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Three Reasons Arkansas’s Photo ID Law is Unconstitutional

Arkansas’s restrictive photo ID law violates the state constitution and must be struck down by the state Supreme Court, the Brennan Center argued in an amicus brief filed with a group of Arkansas historians and law professors.

August 11, 2014

Bren­nan Center Files Amicus Brief With Arkan­sas Histor­i­ans, Polit­ical Scient­ists, and Law Profess­ors

Little Rock, Ark. – Arkansas’s restrict­ive photo ID law viol­ates the state consti­tu­tion and must be struck down by the state Supreme Court, argued the Bren­nan Center for Justice at NYU School of Law in an amicus brief filed today with a group of Arkan­sas histor­i­ans, polit­ical scient­ists, and law profess­ors.

The Bren­nan Center’s brief — filed with pro bono coun­sel Weil, Gotshal & Manges LLP and Cullen & Company — makes three core argu­ments:

  1. The Arkan­sas consti­tu­tion clearly guar­an­tees the right to vote for all eligible citizens and expli­citly prohib­its the state legis­lature from burden­ing that right. The brief explores Arkansas’s long history of zeal­ously limit­ing inter­fer­ence with its citizens’ funda­mental right to vote.
  1. Numer­ous social science stud­ies show harsh photo ID laws like Arkansas’s raise the cost of voting, drive down voter parti­cip­a­tion, and dispro­por­tion­ately exclude low-income and other voters from the elect­oral process. Bren­nan Center research found 11 percent of Amer­ic­ans do not have govern­ment-issued photo ID, and those earn­ing $35,000 per year or less were twice as likely to lack ID. Arkan­sas ranks 47th in the coun­try in terms of aver­age median income.
  1. These costs are being imposed to combat the virtu­ally non-exist­ent prob­lem of in-person voter imper­son­a­tion fraud. In a 2003 compre­hens­ive study, Rutgers Univer­sity Polit­ical Science Professor Lorraine Minnite found this type of fraud to be “very rare.”

“It is import­ant to protect the integ­rity of our elec­tions, but we should not make it harder for eligible Amer­ic­ans to make their voices heard,” said Myrna Pérez, deputy director of the Demo­cracy Program at the Bren­nan Center for Justice. “Arkansas’s overly harsh photo ID law could drive down parti­cip­a­tion and make it more diffi­cult for certain citizens to cast ballots. The Arkan­sas Supreme Court must follow its state consti­tu­tion and reject this burden­some law.”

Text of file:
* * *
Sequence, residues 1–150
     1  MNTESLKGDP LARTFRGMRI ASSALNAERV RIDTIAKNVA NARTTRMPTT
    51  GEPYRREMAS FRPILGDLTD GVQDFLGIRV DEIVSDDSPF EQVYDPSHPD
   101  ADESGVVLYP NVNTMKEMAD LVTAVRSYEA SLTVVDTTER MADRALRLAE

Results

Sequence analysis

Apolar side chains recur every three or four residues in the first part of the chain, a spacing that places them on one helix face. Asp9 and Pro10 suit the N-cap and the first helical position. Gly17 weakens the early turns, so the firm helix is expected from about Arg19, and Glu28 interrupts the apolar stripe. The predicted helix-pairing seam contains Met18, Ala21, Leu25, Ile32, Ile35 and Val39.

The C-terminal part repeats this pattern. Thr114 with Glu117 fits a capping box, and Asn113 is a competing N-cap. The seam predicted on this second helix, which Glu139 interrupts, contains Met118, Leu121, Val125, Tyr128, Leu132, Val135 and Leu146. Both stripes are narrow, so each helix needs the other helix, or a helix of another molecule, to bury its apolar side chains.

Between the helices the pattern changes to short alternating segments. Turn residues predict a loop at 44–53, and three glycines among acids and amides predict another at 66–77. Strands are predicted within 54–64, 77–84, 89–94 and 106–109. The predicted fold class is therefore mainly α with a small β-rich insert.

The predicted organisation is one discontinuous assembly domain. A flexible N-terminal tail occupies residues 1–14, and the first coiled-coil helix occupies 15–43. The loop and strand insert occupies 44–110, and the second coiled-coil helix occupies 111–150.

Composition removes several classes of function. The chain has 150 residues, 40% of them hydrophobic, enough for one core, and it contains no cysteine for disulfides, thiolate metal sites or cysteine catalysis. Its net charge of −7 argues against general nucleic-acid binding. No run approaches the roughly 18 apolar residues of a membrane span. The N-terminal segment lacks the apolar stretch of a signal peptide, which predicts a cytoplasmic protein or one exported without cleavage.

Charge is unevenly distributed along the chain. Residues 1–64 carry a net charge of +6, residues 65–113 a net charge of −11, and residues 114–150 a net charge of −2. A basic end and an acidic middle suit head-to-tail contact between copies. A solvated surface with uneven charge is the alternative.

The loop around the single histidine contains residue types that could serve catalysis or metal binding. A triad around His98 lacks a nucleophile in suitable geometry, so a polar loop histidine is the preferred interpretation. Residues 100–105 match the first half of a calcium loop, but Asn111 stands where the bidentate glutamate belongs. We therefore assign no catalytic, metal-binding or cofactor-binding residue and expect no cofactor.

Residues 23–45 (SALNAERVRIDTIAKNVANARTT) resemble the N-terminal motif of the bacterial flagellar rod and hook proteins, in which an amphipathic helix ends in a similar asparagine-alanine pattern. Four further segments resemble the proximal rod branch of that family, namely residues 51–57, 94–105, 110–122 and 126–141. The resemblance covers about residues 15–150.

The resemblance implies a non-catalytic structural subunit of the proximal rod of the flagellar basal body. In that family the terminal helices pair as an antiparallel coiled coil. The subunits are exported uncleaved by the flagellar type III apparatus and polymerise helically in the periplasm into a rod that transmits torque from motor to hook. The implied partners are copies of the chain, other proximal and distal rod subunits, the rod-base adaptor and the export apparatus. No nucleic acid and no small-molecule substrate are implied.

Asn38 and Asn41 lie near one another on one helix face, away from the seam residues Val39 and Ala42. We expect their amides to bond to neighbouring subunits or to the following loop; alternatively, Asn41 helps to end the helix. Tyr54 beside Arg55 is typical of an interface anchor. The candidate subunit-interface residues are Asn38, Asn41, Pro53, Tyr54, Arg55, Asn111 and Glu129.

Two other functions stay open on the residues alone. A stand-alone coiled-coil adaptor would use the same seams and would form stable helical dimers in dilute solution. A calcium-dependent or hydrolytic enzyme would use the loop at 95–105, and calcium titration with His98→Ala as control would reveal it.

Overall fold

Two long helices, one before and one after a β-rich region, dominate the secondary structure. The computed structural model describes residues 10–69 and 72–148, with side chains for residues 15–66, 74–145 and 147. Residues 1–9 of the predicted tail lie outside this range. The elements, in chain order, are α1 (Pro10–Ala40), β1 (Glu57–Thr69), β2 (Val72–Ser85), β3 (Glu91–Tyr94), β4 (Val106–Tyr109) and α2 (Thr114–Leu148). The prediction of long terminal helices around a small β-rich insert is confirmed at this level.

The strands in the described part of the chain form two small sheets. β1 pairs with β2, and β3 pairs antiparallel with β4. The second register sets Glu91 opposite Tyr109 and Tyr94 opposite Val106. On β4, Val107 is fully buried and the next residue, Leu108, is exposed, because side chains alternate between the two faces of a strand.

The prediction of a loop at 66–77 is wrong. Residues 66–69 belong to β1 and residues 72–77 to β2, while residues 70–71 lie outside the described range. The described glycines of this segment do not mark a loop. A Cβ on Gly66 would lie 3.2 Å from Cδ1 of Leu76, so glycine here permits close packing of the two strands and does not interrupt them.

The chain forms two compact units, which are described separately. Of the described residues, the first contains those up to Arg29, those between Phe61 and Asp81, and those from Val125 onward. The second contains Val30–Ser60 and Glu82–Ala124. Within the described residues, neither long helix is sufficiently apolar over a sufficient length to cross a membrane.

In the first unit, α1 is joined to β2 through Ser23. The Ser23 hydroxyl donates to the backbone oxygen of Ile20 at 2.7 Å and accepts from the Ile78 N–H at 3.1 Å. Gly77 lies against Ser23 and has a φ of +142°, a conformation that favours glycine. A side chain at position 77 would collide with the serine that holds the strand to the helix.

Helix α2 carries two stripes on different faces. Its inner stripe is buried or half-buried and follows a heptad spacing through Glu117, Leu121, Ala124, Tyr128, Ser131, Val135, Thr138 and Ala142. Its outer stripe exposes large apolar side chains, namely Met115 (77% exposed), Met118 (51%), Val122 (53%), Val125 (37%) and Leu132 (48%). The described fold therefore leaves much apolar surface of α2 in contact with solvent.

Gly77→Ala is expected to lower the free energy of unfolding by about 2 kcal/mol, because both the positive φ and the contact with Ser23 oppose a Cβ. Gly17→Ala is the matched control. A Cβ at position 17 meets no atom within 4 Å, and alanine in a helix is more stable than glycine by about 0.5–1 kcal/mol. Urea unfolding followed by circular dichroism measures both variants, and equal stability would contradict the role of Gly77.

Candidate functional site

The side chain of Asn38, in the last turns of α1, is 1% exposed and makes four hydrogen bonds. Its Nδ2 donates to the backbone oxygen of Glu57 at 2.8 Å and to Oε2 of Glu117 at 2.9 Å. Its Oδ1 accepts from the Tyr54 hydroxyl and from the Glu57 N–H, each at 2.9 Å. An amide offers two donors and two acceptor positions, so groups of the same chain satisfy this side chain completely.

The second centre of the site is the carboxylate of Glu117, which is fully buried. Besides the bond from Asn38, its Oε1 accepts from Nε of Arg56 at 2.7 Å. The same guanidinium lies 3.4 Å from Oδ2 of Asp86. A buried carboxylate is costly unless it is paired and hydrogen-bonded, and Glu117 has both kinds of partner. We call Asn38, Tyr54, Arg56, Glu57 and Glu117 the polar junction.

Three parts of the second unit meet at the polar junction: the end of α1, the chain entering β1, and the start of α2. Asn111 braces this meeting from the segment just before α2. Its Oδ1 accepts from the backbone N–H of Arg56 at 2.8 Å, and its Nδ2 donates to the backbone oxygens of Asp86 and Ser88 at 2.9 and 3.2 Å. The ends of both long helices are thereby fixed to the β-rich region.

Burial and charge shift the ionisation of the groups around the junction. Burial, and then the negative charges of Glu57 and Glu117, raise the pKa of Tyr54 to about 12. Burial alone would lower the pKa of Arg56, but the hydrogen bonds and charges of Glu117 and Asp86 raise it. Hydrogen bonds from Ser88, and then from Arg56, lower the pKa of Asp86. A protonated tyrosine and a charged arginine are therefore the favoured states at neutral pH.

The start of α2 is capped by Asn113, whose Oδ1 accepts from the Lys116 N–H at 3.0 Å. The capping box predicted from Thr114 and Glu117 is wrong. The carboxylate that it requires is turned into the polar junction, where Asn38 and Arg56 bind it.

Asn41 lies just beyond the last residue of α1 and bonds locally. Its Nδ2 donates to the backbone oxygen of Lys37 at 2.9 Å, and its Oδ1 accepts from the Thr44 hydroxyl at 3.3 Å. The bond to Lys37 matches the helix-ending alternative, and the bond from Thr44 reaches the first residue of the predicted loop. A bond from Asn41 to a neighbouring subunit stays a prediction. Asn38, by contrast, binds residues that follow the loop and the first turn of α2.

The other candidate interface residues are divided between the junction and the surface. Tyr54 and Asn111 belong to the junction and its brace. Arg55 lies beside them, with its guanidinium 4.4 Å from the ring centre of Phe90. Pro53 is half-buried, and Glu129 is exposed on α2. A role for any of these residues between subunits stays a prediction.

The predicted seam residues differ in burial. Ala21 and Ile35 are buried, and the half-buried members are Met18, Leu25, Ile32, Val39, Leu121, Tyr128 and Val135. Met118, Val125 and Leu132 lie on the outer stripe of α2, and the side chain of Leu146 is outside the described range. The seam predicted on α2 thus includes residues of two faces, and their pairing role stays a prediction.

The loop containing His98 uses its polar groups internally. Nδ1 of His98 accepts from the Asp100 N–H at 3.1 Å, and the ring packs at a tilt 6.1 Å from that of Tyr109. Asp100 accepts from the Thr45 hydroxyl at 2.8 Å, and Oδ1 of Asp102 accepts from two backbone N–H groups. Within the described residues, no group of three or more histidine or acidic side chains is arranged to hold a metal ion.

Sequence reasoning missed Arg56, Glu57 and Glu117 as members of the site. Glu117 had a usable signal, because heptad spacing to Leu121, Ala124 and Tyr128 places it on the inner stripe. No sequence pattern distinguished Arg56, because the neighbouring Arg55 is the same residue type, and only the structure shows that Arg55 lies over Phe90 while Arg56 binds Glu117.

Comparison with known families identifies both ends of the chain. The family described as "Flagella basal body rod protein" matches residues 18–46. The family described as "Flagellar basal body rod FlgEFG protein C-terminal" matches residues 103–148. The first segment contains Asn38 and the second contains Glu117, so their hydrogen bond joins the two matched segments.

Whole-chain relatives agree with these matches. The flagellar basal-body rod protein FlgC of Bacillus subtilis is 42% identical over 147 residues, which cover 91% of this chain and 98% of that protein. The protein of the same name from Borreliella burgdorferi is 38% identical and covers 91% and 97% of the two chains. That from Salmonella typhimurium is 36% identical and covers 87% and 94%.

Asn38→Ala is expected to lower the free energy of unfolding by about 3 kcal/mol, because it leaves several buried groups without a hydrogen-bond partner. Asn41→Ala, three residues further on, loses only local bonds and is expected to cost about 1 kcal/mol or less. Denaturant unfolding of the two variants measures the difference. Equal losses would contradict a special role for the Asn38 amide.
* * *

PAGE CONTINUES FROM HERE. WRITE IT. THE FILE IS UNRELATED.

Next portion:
“Arkan­sas has one of the strongest right to vote guar­an­tees in the coun­try,” added Demo­cracy Program Coun­sel Michael Li. “For 150 years, courts have said repeatedly that a consti­tu­tional amend­ment is the only way to change laws affect­ing the right to vote. The courts have stuck down every other attempt to change voting qual­i­fic­a­tions. The photo ID law really is no differ­ent. The consti­tu­tion is clear: Arkan­sas voters, not the General Assembly, are the ones who get to change the rules on who gets to vote in Arkan­sas.”

Arkansas’s photo ID law passed in 2013 after the Repub­lican-controlled legis­lature over­rode a veto from Gov. Mike Beebe (D). Pulaski County Circuit Judge Tim Fox found the law uncon­sti­tu­tional in two separ­ate cases. The Supreme Court over­turned one decision but did not decide on the consti­tu­tion­al­ity of the photo ID require­ment. That issue is now squarely before the court in this second case. The ID meas­ure was in effect for the May 20 primary and caused some prob­lems. More than 1,000 absentee ballots were not coun­ted because voters lacked ID. And Asa Hutchin­son, the winner of the Repub­lican gubernat­orial primary, forgot his ID when he went to the polls. He was able to vote after a staff member retrieved it for him.

Experts on the brief are Dean John DiPippa (Dean Emer­itus and Distin­guished Professor of Law and Public Policy at the William H. Bowen School of Law at the Univer­sity of Arkan­sas at Little Rock), Dr. Thomas DeBlack (Professor of History at Arkan­sas Tech Univer­sity), Dr. Bill Schreck­hise (Asso­ci­ate Professor of Polit­ical Science and Legal Stud­ies Minor Advisor at the Univer­sity of Arkan­sas), and Nate Coulter (Distin­guished Prac­ti­tioner-in-Resid­ence at the Univer­sity of Arkan­sas School of Law).

Click here to read the Bren­nan Center’s brief.

For more inform­a­tion, see all of the Bren­nan Center’s State of Voting in 2014 resources.